Okay, so I went from a Biglaw-type firm for articling and my first year of practicing. I then went to a small rural town. I joined that town's "big law firm", which in reality had 8-10 lawyers, while there was one 3 person firm and a a handful of sole practitioners as the rest of the local bar. I found the work to be fairly enjoyable - I was much more involved in actual in-court litigation than I was at the big firm. And a small law firm you're not so anonymous - you got to know everyone in the firm quite well (whether that's good or bad depends on what kind of people they are). From that firm I went and joined the Crown's office and have never since applied in private practice. But yes, I very much had the impression that biglaw would not touch me again once I went small. The couple of times I had files with lawyers from big city firms I definitely had the impression they kind-of looked down their nose at me (although maybe I just had a chip on my shoulder). But beyond that? I think it'll depend much more on the quality of your experience and your work history than it will the size and location of the firm you work at.
  12. Living with parents during law school?

    There's no one right or wrong answer. Everyone has to decide for themselves which option to take (if they even have an option). For me, my parents told me that they could not afford to pay for my tuition. I was on my own for tuition, books, etc. However what they would do is that for as long as I was in school they were happy for me to live at home and not pay rent. That was how they were able to contribute. And throughout most of undergrad that was exactly what I did. I'm not sure what I would have done if I was living in dorms, or with roommates, while in undergrad. While having to take the bus almost an hour to get to school and back was a definite drag, it probably kept me out of trouble as well. I wound up delaying my studies by about a year in order to do a co-op work term. That included living out of town for six months. That not only inspired me that I did NOT want to pursue that career path and to study for the LSAT, but after living apart and then moving back home it helped to adjust my relationship with my parents - I was treated much more like an adult than a child. When it came to law school... I figured I would be commuting, was tired of taking the bus, so I got a screaming good deal on a car lease: $200/month for two years. Problem though was that car lease chained me to living at home - the costs of the vehicle meant I had to stay living at home. By second year I actually kind of wanted to move in with some buddies, but wasn't able to. It was only by third year, with my car lease expired, that I moved to within walking distance of campus at the age of 24. So what was the difference? I guess living at home cramped my personal life a bit - they didn't care if I stayed out late, but as a matter of practical necessity I still needed to go home to sleep, change and eat. But really in a lot of ways that's probably a good thing to have some level of restriction. And by virtue of living near campus I was involved in a lot more social activities - but that was also helped by the fact it was third year law and I had an articling job locked up. All I can say is there is no wrong answer. Living at home to save money is perfectly valid (and I was able to graduate with negligible debt of under $10k). Living away from your parents is perfectly valid as well, and certainly impacts your social life.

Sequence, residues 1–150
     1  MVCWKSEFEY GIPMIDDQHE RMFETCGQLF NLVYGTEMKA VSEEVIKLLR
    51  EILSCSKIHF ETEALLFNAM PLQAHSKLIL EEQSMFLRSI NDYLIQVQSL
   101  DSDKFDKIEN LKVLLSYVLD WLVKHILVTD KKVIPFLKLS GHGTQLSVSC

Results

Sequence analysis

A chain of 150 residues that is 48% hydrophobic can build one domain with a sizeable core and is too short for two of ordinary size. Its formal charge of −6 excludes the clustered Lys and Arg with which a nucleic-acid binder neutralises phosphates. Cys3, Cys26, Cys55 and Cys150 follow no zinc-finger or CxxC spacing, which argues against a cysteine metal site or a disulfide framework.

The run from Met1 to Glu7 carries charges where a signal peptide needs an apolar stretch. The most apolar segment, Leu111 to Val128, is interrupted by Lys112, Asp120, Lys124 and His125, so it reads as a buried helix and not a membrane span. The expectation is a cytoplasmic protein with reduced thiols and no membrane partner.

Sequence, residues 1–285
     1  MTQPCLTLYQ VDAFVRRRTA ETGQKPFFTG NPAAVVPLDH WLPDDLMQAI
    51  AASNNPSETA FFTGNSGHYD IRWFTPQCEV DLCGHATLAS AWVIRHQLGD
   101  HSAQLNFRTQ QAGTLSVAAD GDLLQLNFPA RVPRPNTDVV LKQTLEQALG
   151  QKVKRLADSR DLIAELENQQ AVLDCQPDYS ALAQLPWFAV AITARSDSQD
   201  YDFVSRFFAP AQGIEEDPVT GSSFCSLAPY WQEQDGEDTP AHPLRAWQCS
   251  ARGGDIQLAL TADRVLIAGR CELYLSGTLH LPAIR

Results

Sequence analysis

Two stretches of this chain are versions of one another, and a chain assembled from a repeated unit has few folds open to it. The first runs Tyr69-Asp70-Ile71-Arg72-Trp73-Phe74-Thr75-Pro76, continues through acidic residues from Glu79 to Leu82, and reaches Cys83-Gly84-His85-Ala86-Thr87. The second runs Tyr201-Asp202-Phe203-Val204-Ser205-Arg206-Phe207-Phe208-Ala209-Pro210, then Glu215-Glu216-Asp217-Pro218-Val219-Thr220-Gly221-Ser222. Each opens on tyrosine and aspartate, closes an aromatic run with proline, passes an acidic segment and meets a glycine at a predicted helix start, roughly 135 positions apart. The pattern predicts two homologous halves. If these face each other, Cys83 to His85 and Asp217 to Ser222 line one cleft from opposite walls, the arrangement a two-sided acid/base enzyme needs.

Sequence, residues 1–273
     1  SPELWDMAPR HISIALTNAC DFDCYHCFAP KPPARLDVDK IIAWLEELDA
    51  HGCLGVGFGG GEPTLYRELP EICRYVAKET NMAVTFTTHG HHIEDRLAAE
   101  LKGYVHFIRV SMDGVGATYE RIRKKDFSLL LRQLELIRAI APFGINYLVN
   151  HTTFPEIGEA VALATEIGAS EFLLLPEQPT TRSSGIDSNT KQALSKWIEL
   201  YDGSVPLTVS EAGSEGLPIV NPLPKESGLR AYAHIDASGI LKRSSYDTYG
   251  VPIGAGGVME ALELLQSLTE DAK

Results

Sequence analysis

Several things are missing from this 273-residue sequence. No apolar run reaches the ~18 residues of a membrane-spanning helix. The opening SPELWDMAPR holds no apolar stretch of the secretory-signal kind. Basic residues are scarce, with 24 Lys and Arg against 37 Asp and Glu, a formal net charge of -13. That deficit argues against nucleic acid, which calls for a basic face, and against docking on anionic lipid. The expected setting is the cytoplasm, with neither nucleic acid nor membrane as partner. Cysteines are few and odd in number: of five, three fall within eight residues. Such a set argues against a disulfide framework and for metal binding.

13. Do employers look at your undergrad?

    OP, unless if you were taking some really unusual or rigorous field of study, finishing that degree might be of some benefit. For example if you're working away on a BEng, or a BEd and you want to do education law, or something. But if you're worried about finishing up your BA I wouldn't sweat it.
  14. Practicing Criminal Law Exclusively

    Not that there can't be some particular areas to watch for though. Take impaired driving. As I understand it in BC they've taken most impaireds out of the criminal courts - they're now charged with an administrative offence. And Hegdis can tell me if I'm wrong, but that's made a big difference to those lawyers who specialized in impaireds. As well most crim lawyers are going to be more-or-less reliant on legal aid, whose funding has waxed and wained over the years. I know at one point Alberta LA lawyers were worried that the province would move to a legal aid staff lawyer model, rather than give out certificates to individual lawyers.
  15. Practicing Criminal Law Exclusively

    It's an interesting question - what are the future economics of the practice of law? First of all I don't think declining crime rates are going to be that much of a factor. While statistical crime rates seem to be going down, I am told that at least here in Alberta file rates are steadily increasing year after year. And second of all - the thing about the practice of law is it is all entirely dependent on the politicians. In law school I remember talking with a lawyer who described that he had to re-start his entire practice from scratch when the government completely changed the law in his area and took those kinds of disputes out of court. So Parliament could, theoretically, decide that divorce cases are no longer to be decided in the courts, but by some kind of binding arbitration. Criminal law on the other hand is the one area which is constitutionally protected - the right to a fair trial is protected, which includes your rights to a lawyer. So it's probably one of the safest areas of law going.